Nurse-Led Care vs. Usual Care for Patients With Atrial Fibrillation: Results of a Randomized Trial of Integrated Chronic Care vs. Routine Clinical Care in Ambulatory Patients With Atrial Fibrillation

Study Questions:

Does nurse-led care improve outcomes in patients with atrial fibrillation (AF)?

Methods:

Outpatients with AF were randomly assigned to nurse-led care (n = 356, mean age 66 years) or usual care by a cardiologist (n = 356, mean age 67 years). Nurse-led care was guided by decision support software based on guidelines and was supervised by a cardiologist. Follow-up visits were scheduled at 3 and 6 months and at 6-month intervals thereafter. The primary outcome was a composite of cardiovascular death and cardiovascular hospitalization.

Results:

Stroke-prevention therapy was consistent with guidelines more often in the nurse-led group (99%) than in the usual care group (83%). During a mean follow-up of 22 months, the primary outcome occurred significantly more often in the usual care group (20.8%) than in the nurse-led group (14.3%). The cardiovascular death and hospitalization rates were significantly lower in the nurse-led group than in the usual care group (1.1 and 13.5% vs. 3.9 and 19.1%, respectively).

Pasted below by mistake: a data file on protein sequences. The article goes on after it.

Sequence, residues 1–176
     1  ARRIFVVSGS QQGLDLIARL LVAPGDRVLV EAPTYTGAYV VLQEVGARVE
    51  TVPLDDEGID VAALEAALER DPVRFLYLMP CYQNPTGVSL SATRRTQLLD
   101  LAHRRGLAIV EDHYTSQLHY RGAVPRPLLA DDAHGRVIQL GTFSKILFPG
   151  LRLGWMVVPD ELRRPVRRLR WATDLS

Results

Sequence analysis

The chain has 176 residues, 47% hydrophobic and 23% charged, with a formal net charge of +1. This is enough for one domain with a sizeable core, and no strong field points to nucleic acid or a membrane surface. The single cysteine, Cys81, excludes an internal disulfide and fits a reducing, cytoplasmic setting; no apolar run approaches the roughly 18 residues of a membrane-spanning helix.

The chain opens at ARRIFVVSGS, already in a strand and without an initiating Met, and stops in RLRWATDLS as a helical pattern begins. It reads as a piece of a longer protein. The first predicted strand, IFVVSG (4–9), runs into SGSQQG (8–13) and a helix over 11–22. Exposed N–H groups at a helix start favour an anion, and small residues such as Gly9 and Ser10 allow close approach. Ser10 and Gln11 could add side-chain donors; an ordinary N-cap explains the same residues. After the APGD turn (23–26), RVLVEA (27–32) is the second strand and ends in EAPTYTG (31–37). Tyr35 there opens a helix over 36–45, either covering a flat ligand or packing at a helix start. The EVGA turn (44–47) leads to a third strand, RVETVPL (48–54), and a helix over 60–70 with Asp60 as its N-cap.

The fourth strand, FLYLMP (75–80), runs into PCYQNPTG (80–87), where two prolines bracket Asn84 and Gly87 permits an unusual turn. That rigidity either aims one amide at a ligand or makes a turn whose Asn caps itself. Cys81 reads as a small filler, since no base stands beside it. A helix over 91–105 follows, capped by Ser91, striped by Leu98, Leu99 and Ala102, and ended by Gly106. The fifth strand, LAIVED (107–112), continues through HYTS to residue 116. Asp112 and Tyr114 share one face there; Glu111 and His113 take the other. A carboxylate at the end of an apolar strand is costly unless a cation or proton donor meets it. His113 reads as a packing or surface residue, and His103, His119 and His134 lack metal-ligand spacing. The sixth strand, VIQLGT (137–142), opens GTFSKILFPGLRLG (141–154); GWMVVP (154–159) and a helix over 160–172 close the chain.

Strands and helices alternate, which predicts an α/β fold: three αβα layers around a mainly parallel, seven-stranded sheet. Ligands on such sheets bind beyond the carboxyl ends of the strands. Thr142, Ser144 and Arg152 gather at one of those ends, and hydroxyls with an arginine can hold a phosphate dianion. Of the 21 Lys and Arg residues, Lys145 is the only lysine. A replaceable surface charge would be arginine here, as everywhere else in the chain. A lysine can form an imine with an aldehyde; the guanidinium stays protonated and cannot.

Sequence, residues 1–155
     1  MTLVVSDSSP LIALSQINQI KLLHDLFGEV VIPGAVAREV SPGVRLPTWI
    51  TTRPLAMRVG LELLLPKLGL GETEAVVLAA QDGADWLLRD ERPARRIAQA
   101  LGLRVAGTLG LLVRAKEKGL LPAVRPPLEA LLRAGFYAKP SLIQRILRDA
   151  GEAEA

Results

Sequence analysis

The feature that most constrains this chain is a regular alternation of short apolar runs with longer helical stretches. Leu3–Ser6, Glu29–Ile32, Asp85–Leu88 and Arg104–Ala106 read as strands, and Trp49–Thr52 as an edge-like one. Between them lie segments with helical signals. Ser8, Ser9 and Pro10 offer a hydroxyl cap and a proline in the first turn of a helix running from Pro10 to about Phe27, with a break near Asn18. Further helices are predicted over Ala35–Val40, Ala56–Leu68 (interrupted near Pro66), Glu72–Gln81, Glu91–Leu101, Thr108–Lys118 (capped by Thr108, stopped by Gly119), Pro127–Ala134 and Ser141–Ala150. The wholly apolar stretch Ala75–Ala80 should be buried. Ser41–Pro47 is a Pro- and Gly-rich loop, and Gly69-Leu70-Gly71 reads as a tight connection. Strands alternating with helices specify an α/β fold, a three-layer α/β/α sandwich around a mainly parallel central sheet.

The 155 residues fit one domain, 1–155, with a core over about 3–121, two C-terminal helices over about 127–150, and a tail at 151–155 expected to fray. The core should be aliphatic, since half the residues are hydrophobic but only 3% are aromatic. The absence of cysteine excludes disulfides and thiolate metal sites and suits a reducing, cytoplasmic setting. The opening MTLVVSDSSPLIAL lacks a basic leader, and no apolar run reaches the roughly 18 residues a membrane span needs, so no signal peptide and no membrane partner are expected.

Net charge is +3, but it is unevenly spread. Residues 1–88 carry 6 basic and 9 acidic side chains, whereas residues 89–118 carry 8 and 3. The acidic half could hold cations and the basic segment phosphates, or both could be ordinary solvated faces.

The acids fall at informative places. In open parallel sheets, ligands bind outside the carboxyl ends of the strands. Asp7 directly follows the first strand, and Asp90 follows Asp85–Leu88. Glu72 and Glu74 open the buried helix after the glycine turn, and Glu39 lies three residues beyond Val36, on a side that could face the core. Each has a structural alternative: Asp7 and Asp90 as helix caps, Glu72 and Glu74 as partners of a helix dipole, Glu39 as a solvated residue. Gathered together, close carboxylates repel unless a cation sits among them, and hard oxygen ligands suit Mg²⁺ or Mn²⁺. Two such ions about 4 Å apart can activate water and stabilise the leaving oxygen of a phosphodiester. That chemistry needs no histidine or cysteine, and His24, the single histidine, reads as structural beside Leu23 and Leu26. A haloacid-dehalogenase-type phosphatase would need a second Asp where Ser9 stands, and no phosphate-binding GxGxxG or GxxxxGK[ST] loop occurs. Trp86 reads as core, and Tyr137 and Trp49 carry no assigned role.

Conclusions:

The authors concluded that nurse-led care improves outcomes in outpatients with AF.

Perspective:

The results are disconcerting because they demonstrate that conventional care of patients with AF by cardiologists is associated with higher rates of cardiovascular mortality and hospitalization than nurse-led care. It is likely that a major reason for the improved outcomes in the nurse-led group was better adherence to guidelines. This suggests a strong need for better education on guidelines in the cardiology community.

Keywords: Long-Term Care, Nurses, Hospitalization


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